Chats growing up in St. Louis, touring, and being a polymath of the internet age.

Photographer: Ollie Ali // @MrOllieAli
Stylist: Rhys Marcus Jay // @rhysmarcusjay
Producer: Johnson Gold // @Johnson_Gold
Interviewer: Amal AlTauqi & Thomas Woods // @altxuqi & @thomaswoods_
Assisted by: Lynn Mongameli // @mongamelli
Artist: Smino // @smino

“The first time I feel like I’m creative in a day is when I put a fit together.”

By embracing music and culture on his own terms, Smino explores hyperdimensional realms with every cadence and flow at his disposal. Our ability to adjust and grow is largely determined by our deepest feelings and experiences, which propel us forward to create breakthroughs, learn our true identities, and persist. For St. Louis’ Smino, this comes naturally. In the same manner as his musical approach – personal and introspective – PAUSE Magazine welcomed the rapper to further discuss this concept. “I’m responsible for me and in return – how we represent ourselves is going to reflect that.”

Check out the full interview below.

Shirt 1 – Jekeun, Shirt 2 – Qasimi, Bottoms – Rick Owens, Trainers – Prada, Hat – Benny Andallo, Glasses – Carti

How have you been man? how are you doing?

I’m all good.

Are you happy to be welcoming in the new year?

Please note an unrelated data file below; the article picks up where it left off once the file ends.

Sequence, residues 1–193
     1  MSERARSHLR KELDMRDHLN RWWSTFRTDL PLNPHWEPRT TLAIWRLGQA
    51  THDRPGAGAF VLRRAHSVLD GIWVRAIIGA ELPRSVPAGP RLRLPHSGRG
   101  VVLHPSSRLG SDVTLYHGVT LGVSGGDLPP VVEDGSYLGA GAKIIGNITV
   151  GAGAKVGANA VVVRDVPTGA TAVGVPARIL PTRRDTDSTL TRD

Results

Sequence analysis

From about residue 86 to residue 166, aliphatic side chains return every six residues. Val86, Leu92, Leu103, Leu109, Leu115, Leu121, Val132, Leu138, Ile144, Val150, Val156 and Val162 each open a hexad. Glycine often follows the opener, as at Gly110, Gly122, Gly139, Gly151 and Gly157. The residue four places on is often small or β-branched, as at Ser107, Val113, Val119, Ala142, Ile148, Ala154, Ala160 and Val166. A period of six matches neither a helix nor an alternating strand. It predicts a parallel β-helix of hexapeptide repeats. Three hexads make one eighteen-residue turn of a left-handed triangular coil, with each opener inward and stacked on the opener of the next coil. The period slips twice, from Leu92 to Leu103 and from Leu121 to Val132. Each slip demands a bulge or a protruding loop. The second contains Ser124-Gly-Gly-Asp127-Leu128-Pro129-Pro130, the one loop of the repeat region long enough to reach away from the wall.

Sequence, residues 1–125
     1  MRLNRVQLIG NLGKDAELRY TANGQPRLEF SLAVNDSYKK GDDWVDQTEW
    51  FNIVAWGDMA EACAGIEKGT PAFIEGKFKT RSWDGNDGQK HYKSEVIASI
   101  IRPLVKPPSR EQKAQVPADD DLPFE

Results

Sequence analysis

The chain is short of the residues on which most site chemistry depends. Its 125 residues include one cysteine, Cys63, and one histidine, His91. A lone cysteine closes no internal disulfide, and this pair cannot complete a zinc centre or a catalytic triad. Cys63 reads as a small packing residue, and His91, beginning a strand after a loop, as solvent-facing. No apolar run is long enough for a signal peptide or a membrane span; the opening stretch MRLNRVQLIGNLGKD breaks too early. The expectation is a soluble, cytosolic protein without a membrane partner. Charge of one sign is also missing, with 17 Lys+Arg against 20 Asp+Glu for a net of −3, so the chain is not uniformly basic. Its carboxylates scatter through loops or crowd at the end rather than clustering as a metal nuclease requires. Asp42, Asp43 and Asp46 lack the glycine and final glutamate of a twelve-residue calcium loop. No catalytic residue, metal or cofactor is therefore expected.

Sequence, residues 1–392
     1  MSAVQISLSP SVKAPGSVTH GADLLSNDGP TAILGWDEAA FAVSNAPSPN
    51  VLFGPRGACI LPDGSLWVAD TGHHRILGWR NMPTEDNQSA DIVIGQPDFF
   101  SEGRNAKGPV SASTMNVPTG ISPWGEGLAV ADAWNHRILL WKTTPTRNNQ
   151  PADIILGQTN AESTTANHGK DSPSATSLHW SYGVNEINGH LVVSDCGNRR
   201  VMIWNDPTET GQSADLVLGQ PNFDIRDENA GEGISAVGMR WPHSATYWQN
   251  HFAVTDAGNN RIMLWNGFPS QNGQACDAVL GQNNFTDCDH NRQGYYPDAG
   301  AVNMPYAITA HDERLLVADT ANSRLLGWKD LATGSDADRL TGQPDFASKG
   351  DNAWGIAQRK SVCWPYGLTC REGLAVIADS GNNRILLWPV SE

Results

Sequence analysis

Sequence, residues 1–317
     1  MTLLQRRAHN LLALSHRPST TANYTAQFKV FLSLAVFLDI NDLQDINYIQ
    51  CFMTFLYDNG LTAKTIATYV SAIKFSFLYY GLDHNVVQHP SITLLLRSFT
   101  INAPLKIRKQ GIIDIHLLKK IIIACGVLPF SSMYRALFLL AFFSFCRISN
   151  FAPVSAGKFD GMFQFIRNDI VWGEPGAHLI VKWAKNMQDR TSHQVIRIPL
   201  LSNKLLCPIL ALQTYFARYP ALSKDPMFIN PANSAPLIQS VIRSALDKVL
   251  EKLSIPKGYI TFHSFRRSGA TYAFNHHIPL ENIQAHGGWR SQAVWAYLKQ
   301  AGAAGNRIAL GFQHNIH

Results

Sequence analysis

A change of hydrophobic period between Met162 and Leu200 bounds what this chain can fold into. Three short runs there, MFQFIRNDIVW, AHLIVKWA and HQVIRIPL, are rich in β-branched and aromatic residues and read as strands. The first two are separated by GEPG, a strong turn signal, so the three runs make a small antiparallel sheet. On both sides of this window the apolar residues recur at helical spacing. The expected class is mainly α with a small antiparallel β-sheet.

Yeah, definitely! Definitely a new year, birdie.

Did you do a lot to bring the new year in around festive season? Or have you just been chilling?

We had a little party round the crib with some friends, but I didn’t do too much… I tried to ease my way into the year.

Yeah, you just tried to have a quiet one just to welcome it in, makes sense, I did the same thing. Just to get us going, give us a glimpse of what it’s like to be Smino: what’s it like to be you? What are some things that you’re loving about life right now coming into 2023?

I get to travel a lot. I’m about to go on tour so a whole lot of travelling, a whole lot of fit changes, and a whole lot of family. That’s really my whole vibe, it’s really just family and fly s***.

Travelling, is that internationally or just around the United States?

Both! I’m going to go around the United States then I’m going to go over to Europe. I’ve got a European tour in the UK and all that in the spring.

Nice. What country are you most looking forward to visiting?

I would probably say… where’s Amsterdam at again?


Yeah, I want to go to Amsterdam. I can’t wait to go to Amsterdam and smoke some weed.

Yeah, Amsterdam is a good time! It’s a good city to visit man. You’ve been described as a polymath of the internet age; that’s quite a big attribution to you. What does that mean to you when someone says that? 

I don’t even know what that means! I swear, I don’t even know what that means…

It’s someone with a wide breadth of knowledge. That’s the best way I can put it!

I mean yeah, that’s tight as f***. I think I learned a lot from my OG’s, I grew up with my parents and they helped set me off into the world.

Your parents were quite influential growing up, they were also in the music business right? 

My grandfather was in the music business. My parents are musicians but we grew up in church and that’s how we expressed music together and how we shared those moments, more so in church, but it wasn’t like I was watching my dad on tour with people. My grandfather was but I never got to experience rap until I got older.